Tradition tells us that this house was still a dwelling in the 18th century, home of the delegate of the commissary general of the "Bull of the Holy Crusade". In this same house the official publication of the aforementioned bull was made, for which a date was appointed for the act to take place; the faithful would meet in the street in the appointment time, from the balcony of the only top room that exists in the house, the delegate would give an allusive sermon to the town, read out the bull and advise the faithful that they of course take a copy of it. This custom disappeared some time later. The preventive office of holy inquisition was established in this house. The final years of the 18th century were disastrous for the city. Most of the buildings were turned down by heavy earthquakes. The house was also in a ruinous state and, having become private property, it was rebuilt. this work ended in 1802.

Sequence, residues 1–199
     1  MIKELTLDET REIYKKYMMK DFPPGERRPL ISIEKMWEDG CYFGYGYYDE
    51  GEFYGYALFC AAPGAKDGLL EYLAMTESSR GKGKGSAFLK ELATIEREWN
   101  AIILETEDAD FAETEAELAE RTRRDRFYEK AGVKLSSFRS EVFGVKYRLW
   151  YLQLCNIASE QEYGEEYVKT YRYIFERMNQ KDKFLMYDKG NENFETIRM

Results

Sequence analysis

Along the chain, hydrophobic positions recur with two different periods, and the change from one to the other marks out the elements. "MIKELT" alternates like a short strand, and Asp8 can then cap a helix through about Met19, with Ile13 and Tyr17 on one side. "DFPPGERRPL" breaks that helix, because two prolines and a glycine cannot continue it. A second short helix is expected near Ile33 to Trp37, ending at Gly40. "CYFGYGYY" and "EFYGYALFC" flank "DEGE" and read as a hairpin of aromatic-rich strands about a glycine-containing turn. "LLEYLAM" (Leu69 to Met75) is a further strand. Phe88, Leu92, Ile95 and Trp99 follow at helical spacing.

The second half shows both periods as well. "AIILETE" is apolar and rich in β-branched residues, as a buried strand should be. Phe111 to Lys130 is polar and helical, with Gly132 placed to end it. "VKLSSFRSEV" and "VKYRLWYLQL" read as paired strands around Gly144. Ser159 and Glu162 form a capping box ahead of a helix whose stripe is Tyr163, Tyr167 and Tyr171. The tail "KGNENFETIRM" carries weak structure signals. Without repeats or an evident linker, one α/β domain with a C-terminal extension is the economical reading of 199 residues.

Some time later this house became once again part of the assets of the church and, in 1856, passed into the hands of the government of the state, which set up a school for girls with the name of "Amiga Nacional" and later on a boys school.
At the beginning of the 20th century the electrical energy and power service was installed here, hence its name became "The Electricity House". it also served as lodging for military groups. It was subsequently left abandoned. The roofs caved in, making a reconstruction necessary, and was bequeathed to the archive in 1930.
The civil registry office and the public property registry were here. At the time of the government of Mr. Victor Bravo Ahuja it was occupied and, in 1970, it was transferred to the couple Olga and Rufino Tamayo, who undertook the cost of its complete restoration.
On January 29th, 1974, the Rufino Tamayo Pre-Hispanic Art Museum was inaugurated, which houses the collection of items donated by the painter.
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